What are kids today really like? And after what we have suffered at the hands of "youth movies" over the last few years, does anyone want to know?
You might, if you'd spent some time with the engaging cast of "Seven Minutes in Heaven" (opening at the Beverly Cineplex on Friday). This sensitively performed, very special comedy is by film makers whose memory of those perilous days of high school, where no emotion is a small one, is tender and acute.
Set in an idyllic American small town, the film's time frame is compressed: the week or so when honors student Natalie Becker (Jennifer Connelly) is contentedly at home alone, as her father, a widower, has to go on the road again. She's not undisturbed for long.
Jeff (Byron Thames), small and defensively comic, Natalie's friend for all their 15 years, plants himself at her doorstep after another blow-up with his stepfather. And there are countless gossipy, drop-in visits from the bubbly, bubble-headed Polly (Maddie Corman), best friend to both, whose talk about sex far exceeds her experience. (It would have to, unless she's Xaviera Hollander in teen disguise.)
Polly, with her radar for men, has just crossed the path of baseball rookie star Zoo Knudsen (Billy Wirth) and declares them star-crossed. She's just ricocheted from being "in love" with the handsome Casey (Alan Boyce), an upper-division student who doesn't even know she's alive.
It's vulnerable, reserved Natalie who has caught Casey's practiced eye, and he begins a gentle campaign of seduction--complete with that most disarming ploy, an up-front admission that monogamy isn't his style. (One look tells you that fidelity is hers.)
Love and sex; trust, friendship and family--these are the film's concerns. (It's also a movie with more attractive, interesting men per capita than anywhere short of the French cinema. It saves one of the most engaging, Terry Kinney as Bill, the savvy New York photographer, for last.)
"Seven Minutes" is the singular beacon that it is because of its tolerance, its lack of cynicism or exploitation and the evenhanded affection in which it holds all its characters. Their values can be as old-fashioned as Natalie's chastity and studiousness, as blithely trendy as Polly's innocent pan-sexuality, or as cheerfully lustful as the men attracted by Natalie.
Not even the adults are villains or stereotypes. Jeff's stepfather is humorless and awkward, but he's there for the boy. Natalie's father (Michael Zaslow) can listen to his beloved daughter even when he suspects the worst.
Implicit in these adults' attitudes is a certain amount of understanding and trust, something of a movie rarity (although Jeff's mother's ride-it-out approach after her son has taken off might possibly cause a few parental teeth to grind).
And even within their film's light, comic framework, writer Jane Bernstein and co-writer/director Linda Feferman have caught the particularly American subtext of kids in remade or single-parent families; kids whose real hunger is for the reassurance of their parents' love.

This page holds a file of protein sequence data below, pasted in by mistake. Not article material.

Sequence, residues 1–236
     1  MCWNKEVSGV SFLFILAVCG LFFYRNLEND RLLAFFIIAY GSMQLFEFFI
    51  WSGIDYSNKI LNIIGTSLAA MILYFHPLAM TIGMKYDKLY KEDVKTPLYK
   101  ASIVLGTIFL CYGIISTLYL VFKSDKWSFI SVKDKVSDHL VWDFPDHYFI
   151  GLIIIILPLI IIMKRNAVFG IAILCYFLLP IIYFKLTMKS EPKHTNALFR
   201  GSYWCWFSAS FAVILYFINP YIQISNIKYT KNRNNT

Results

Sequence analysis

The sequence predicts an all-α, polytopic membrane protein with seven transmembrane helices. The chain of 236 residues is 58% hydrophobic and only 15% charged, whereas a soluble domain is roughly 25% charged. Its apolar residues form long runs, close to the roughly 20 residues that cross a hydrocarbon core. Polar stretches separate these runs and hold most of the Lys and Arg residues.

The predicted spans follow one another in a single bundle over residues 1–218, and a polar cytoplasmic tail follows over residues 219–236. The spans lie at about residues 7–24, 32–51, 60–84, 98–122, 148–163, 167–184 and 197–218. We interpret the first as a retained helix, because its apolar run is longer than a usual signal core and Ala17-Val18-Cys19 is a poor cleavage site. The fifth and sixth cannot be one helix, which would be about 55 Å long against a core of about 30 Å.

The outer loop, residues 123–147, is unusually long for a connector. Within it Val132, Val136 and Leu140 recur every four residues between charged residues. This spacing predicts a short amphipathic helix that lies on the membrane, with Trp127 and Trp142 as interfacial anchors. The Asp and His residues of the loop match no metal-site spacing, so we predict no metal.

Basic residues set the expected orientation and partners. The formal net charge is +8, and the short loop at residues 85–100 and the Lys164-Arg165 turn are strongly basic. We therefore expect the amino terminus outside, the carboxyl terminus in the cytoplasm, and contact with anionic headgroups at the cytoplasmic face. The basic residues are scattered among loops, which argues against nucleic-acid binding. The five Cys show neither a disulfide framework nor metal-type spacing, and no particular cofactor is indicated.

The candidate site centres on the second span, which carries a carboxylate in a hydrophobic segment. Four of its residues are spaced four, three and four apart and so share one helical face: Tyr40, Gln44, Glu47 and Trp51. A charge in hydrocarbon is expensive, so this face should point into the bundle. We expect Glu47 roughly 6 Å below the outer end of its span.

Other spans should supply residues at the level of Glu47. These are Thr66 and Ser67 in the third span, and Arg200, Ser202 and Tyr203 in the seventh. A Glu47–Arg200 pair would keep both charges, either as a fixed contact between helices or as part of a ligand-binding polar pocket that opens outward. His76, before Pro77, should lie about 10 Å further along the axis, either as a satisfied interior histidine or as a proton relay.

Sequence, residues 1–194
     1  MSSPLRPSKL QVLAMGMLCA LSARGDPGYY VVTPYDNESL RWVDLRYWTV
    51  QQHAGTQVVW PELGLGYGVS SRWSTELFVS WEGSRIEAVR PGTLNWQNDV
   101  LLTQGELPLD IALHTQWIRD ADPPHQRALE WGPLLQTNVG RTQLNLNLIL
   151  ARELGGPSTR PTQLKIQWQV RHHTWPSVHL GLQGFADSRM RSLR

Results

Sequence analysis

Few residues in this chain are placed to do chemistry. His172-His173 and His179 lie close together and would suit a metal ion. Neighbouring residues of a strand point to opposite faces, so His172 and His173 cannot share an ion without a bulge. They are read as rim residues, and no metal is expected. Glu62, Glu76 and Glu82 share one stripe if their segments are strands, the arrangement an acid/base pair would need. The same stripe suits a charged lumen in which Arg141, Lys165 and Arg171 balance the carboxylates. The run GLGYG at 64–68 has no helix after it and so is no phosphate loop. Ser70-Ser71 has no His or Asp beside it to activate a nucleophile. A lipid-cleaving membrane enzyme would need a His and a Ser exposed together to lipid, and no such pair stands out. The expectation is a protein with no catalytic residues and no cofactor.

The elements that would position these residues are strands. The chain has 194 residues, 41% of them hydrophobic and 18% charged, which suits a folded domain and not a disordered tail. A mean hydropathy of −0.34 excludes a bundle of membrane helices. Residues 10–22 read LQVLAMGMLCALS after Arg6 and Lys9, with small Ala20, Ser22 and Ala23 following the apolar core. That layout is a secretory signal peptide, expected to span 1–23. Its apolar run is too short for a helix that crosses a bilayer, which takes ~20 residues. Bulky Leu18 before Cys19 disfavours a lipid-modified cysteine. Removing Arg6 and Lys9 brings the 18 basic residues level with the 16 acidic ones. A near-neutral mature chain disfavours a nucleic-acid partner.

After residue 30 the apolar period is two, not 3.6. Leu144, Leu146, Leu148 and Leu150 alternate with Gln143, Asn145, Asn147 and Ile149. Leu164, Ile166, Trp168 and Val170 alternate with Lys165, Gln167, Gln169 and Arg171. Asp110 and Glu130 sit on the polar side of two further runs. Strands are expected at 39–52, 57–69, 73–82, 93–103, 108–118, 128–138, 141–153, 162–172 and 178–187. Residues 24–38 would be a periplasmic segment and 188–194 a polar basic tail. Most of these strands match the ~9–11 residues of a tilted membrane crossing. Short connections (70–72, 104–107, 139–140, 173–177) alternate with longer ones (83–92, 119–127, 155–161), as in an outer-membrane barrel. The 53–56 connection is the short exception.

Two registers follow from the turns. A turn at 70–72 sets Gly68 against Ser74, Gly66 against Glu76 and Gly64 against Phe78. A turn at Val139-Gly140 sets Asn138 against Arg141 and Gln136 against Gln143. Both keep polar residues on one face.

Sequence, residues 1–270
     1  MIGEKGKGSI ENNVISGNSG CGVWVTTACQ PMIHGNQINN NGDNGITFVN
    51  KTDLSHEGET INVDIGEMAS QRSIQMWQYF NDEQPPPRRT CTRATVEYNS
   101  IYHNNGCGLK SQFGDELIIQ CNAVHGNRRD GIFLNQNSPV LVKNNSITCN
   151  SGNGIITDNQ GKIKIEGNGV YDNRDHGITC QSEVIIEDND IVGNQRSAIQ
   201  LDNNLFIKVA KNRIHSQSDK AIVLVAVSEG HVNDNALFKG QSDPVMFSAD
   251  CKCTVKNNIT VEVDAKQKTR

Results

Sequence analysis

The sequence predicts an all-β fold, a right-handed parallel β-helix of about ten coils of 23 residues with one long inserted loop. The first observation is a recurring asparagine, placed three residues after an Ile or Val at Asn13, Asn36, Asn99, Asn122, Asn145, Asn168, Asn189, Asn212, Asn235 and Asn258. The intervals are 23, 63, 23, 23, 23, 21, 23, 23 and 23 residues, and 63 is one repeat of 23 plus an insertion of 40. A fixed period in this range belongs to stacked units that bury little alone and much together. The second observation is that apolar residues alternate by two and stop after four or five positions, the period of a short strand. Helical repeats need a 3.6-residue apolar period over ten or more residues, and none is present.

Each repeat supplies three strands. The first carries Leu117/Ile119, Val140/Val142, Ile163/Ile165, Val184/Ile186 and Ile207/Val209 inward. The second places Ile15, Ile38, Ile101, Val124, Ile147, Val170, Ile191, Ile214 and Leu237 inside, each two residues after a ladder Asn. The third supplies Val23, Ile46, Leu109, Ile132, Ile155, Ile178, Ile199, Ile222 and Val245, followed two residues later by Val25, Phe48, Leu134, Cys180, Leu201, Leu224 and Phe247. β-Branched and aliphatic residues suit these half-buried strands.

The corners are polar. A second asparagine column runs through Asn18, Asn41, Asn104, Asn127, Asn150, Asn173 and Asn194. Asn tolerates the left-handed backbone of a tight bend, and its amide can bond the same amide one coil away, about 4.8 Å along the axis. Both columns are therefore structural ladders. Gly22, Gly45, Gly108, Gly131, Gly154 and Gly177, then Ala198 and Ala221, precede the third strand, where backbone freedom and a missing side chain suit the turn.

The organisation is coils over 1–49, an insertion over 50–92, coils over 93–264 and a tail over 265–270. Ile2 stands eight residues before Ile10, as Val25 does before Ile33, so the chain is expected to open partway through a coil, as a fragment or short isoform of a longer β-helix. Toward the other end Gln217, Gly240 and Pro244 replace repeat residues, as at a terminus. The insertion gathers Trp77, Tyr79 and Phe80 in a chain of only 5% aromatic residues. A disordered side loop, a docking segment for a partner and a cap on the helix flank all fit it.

It's this rare undertone that lets you forgive the film's few technical raw edges or its slightly wobbly tone, from near farce to gentle drama and back.
Other of its technical elements, like the wonderfully evocative production design or every bit of the casting, down to the photograph of Natalie's leukemia-victim mother, are glowingly right. (Casting was by Aleta Wood-Chappelle, but these details might be laid at the door of producer Fred Roos, a legendary casting director in the years before he became a producer.)
Jennifer Connelly (from "Labyrinth" and "Once Upon a Time in America") makes Natalie sweet but uncloying, perfect but not priggish. She's enchanting. Screen newcomer Maddie Corman has probably the hardest job, to keep Polly's Masters and Johnson attack on life tolerable, and she succeeds wonderfully. And Byron Thames' Jeff is funny, needy, a pain in the neck and a boy to cherish, all at once. Of all the remaining marvelous young actors, you might mark the Steppenwolf Theater's Terry Kinney, who plays the gently self-deprecating New York photographer, as someone definitely to watch.
What "Seven Minutes to Heaven" suffers from is unfortunate timing and an almost paralytic lack of enthusiasm on the part of its distributing studio. It has been kept alive on festival circuits, from the U.S. Film Festival (where it won a special merit award in youth comedy) to the Women in Film Festival only last week. It's one of the few movies around for whole families to talk about and think over. These days, that's a very great deal.
'SEVEN MINUTES IN HEAVEN' A Warner Bros. release of a Zoetrope Studios and FR Productions presentation. Producer Fred Roos. Director Linda Feferman. Screenplay Jane Bernstein, Feferman. Production design Vaughan Edwards. Camera Steven Fierberg. Associate producer Mark Silverman. Editor Marc Laub. Music Robert Kraft. Costumes Dianne Finn-Chapman. Art director Thomas A. Walsh, set decorator Debra Schutt. With Jennifer Connelly, Byron Thames, Maddie Corman, Alan Boyce, Michael Zaslow, Polly Draper, Marshall Bell, Billy Wirth, Terry Kinney, Michael Higgins, Paul Martell.
Running time: 1 hour, 28 minutes.
MPAA-rated: PG-13 (parental guidance suggested).